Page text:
In 1922, the treasure-filled tomb of ‘The Boy King’, Tutankhamun, was discovered and created a sensation. During the 1970s, the magnificent artifacts were brought to the public in a touring exhibition. These treasures are back ... but you will never have seen King Tutankhamun like this before.
Materialise, based in Leuven, Belgium, is a leader for Additive Manufacturing solutions. When a replica of Tutankhamun’s mummy needed to be built, Materialise got the job.
New York City is the last stop on the exhibit’s US tour and National Geographic, along with Arts and Exhibitions, wanted to add a new and exciting component. They decided that having a replica of Tutankhamun would be just the thing to make the Discovery Times Square Exposition unique. They commissioned Gary Staab, natural history and prehistoric model maker, of Staab Studios to recreate the mummy. All he needed was Materialise to get him started.
Gary Staab had heard of Materialise’s software and knew that they could generate 3D files that could be printed on their Mammoth Additive Manufacturing machines. Knowing the time restraints, he was convinced that this method was the perfect starting point for making a replica that is identical to the real mummy.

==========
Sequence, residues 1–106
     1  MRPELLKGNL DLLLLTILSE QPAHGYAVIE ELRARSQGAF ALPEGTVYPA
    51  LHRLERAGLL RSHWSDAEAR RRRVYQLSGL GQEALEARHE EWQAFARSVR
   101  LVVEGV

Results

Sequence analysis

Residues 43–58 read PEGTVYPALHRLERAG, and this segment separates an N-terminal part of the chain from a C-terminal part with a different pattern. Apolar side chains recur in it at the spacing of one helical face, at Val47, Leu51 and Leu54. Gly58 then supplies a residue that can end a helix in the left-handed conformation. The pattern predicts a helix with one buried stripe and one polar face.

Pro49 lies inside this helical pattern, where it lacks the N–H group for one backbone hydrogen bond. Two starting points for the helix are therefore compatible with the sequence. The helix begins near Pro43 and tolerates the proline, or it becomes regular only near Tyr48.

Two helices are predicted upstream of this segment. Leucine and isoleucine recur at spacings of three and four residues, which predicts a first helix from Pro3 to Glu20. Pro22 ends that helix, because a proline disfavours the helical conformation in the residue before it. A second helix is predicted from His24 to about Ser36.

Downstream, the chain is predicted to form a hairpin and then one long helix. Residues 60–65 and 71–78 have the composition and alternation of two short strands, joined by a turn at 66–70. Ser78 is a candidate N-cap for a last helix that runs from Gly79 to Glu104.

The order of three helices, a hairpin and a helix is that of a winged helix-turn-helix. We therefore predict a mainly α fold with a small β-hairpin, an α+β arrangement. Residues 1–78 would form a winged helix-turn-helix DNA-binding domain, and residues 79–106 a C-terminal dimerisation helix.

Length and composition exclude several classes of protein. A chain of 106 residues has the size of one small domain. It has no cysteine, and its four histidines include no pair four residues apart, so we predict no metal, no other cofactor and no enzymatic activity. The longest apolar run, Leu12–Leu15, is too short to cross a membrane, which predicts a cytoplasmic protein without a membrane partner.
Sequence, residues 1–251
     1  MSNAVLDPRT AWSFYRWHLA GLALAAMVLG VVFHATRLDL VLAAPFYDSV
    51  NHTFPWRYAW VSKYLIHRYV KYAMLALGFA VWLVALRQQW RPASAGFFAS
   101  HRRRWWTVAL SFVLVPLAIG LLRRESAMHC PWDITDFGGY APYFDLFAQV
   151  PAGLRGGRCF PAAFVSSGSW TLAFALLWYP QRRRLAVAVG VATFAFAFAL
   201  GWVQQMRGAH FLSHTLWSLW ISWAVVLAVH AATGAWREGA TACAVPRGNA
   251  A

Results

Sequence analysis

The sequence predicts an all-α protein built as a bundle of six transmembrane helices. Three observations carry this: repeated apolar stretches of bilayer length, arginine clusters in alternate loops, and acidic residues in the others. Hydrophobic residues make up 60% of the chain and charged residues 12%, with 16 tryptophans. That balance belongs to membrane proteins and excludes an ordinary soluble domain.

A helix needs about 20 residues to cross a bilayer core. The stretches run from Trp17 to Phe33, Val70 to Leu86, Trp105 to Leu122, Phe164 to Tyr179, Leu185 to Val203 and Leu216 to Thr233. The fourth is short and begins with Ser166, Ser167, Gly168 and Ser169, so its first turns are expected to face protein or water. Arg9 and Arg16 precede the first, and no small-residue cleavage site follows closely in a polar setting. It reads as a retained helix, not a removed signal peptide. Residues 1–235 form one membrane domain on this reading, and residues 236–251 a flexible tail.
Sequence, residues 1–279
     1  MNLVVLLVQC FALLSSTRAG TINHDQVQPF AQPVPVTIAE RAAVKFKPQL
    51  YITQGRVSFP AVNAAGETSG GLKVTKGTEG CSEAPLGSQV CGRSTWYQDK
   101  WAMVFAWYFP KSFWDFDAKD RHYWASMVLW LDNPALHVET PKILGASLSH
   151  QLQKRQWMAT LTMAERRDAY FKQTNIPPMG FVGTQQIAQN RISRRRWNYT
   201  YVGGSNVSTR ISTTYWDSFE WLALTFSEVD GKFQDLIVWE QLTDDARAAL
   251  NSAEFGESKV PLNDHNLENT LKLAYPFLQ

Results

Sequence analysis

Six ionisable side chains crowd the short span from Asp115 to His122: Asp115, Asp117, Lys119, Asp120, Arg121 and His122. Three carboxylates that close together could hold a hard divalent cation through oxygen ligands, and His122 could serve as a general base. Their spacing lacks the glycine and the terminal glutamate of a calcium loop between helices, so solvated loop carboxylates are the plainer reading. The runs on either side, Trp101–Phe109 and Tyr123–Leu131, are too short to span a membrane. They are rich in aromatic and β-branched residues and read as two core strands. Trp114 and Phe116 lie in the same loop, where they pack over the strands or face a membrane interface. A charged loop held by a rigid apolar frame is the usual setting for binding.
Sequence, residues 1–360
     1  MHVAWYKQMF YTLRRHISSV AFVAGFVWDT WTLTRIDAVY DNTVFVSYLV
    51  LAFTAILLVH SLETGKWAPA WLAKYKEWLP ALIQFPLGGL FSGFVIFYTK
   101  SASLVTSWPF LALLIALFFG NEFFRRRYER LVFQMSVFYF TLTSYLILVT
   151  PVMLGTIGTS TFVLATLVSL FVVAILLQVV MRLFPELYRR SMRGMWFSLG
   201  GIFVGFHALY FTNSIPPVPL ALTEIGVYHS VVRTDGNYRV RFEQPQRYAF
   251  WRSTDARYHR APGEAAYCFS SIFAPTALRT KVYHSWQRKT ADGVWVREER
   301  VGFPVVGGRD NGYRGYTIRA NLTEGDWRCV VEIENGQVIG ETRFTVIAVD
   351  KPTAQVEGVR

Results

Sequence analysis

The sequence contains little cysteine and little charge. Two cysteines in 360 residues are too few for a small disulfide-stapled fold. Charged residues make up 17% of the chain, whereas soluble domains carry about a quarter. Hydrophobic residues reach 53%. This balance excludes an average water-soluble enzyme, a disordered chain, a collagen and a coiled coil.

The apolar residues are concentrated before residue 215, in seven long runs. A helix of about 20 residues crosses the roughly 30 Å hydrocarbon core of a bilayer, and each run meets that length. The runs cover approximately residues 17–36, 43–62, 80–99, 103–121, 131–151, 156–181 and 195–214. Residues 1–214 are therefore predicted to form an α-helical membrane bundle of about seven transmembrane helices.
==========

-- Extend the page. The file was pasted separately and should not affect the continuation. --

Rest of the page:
The process began by importing CT scans of the Tutankhamun mummy into the Mimics software. This Materialise software created an exact 3D model of the actual mummy. From there, 3-matic software by Materialise hollowed the model. Hollowing was important because it reduced the amount of build material and made the final product lighter. In addition, hollow structures can be built faster, as the surface area of each layer is reduced.
Now that the digital model was ready, the Materialise team used their Magics software for fixing the file. This ensured that the model was ‘watertight’; a crucial step for 3D printing.
Having been virtually transformed, Tutankhamun came to life on Materialise’s Mammoth Stereolithography Machine.
Stereolithography is a process that cures photosensitive resins by a laser that traces the part’s cross sectional geometry layer by layer. As the material is a liquid resin, it requires that the part is 'supported' while being built.
Materialise has a special software called e-Stage that automatically generates these supports to ensure a successful build. Once the model is built, the supports must be removed. This step, called post-processing, is much easier thanks to the small contact points of the supports generated with e-Stage.
From there, Tutankhamun’s model journeyed overseas from Belgium to the Staab studio in Missouri. Once in the studio, Gary Staab added detail, colour, and texture to complete the replica and make it look identical to King Tut’s actual remains.
Tutankhamun prototyped body, as well as the other famous artifacts of his tomb, is being showcased in New York City until 2nd January 2, 2011.
|The Tutankhamun Replica built on Materialise Mammoth stereolithography machine.|
|King Tut Replica built on Materialise Mammoth stereolithography machine - ready to travel to the US.|
|King Tut Replica built on Materialise Mammoth stereolithography machine; finished by Gary Staab; showcased in New York City at the Discovery Times Square Exposition.|
To see Materialise build 3D replica of King Tut’s mummy Watch the Video Here
All images are copyright of Materialise.